• The Framework recognizes the importance of developing data standards and methods to maximize the utility of RWD and states FDA is “active in developing data standards for regulatory use and will continue to expand its work in this area. FDA will consider data standards along with the other critical aspects of the RWE Program” (pages 13-14). However, the Frameowrk does not describe how FDA plans to expand its efforst in this area. BIO suggests FDA elaborate on its objectives and workplan for continued efforts to develop data standards for regulatory use and requests opportunities to discuss how industry can assist with this work.
  • In regard to data quality and standards, although Sponsors have final responsibility for documenting the characteristics of the data used to generate RWE, data source owners (e.g., RWD originators, data collectors, and aggregators) can play a critical role in facilitating this process.[1] They can enhance data quality and reliability through improved documentation on, e.g., data provenance, cleaning processes, algorithmic transformations, and linking methods. BIO suggests that the FDA consider the important role data source owners can play in enhancing trust and credibility in RWD.
  • BIO recommends the Agency clarify whether data standards related to the submission of RWD are likely to become mandatory in a fashion similar to CDISC. Unlike clinical trials, Sponsors often do not own the data sources and have limited, if any, ability to impact data standards. Examples are registries, claims data and electronic medical records.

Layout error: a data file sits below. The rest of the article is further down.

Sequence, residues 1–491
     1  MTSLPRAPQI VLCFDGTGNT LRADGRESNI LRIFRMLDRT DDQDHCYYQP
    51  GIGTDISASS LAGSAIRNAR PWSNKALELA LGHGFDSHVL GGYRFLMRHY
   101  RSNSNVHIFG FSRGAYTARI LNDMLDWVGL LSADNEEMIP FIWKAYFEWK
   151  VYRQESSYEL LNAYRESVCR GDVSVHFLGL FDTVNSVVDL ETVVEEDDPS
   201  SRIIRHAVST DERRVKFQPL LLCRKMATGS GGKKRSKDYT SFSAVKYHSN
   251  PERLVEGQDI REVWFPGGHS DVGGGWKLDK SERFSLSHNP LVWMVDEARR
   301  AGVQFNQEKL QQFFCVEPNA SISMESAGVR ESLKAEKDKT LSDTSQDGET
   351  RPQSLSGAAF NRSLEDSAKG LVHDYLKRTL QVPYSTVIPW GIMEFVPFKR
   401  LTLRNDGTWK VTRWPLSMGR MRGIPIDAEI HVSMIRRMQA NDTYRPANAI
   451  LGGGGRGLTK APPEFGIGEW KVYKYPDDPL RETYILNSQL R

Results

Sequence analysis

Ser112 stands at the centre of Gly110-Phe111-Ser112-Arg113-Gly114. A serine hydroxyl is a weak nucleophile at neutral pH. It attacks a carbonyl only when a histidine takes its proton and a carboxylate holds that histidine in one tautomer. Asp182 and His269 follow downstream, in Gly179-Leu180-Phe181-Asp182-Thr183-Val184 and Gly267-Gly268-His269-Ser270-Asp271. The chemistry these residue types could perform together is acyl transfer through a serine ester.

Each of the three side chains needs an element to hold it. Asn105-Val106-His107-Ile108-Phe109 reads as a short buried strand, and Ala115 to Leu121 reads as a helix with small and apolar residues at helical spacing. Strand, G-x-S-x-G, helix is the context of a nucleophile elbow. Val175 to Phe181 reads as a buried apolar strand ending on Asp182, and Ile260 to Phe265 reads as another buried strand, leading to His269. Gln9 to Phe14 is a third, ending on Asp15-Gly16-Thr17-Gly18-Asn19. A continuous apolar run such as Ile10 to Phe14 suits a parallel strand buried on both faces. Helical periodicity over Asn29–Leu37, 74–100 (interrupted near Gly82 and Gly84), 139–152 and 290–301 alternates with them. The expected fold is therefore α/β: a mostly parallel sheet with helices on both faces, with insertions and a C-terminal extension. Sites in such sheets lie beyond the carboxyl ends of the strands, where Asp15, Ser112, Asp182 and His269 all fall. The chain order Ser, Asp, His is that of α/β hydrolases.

• The Framework notes that future guidance will address considerations for the use of real-world data from other countries (pages 16-17). However, it does not indicate if guidance will address and supporting guidances should also address the use of foreign literature and data used to support ex-US approvals. This is particularly relevant for reducing regulatory burden for drugs with established safety and efficacy profiles in literature (e.g., off label standard of care, approved by other regulatory health authorities, particularly those where FDA has an MOU based on that country’s regulatory structure, such as those where there is a MRA for GMP acceptance). For example, FDA could draw from existing guidance documents such as “FDA Acceptance of Foreign Clinical Studies Not Conducted Under and IND Frequently Asked Questions.”
  • Lastly, BIO appreciates the amount of work FDA is undertaking as part of its implementation of the RWE program. However, it is unclear from the Framework the specific timelines FDA might be considering for the development of the suggested draft guidances, some of which will be iterative. Given the breadth of the work laid out in the Framework, BIO encourages FDA to communicate specific timing and/or prioritization for the development and release of draft guidances. BIO suggests the Agency consider providing an updated Framework document with the suggestions discussed in this document, or alternatively, provide regular updates on the priorities, progress, and timelines of the efforts listed under Program Items in the Framework. BIO welcomes the opportunity to partner with the Agency in providing information or resources throughout the guidance development process.

BIO welcomes this opportunity to submit comments on the Framework for a Real-World Evidence Program. We provide additional specific, detailed comments to improve the clarity of the Framework in the following chart. We would be pleased to provide further input or clarification of our comments, as needed.


[1] Duke-Margolis RWE Collaborative white paper, Characterizing RWD Quality and Relevance for Regulatory Purposes (Oct. 1, 2018)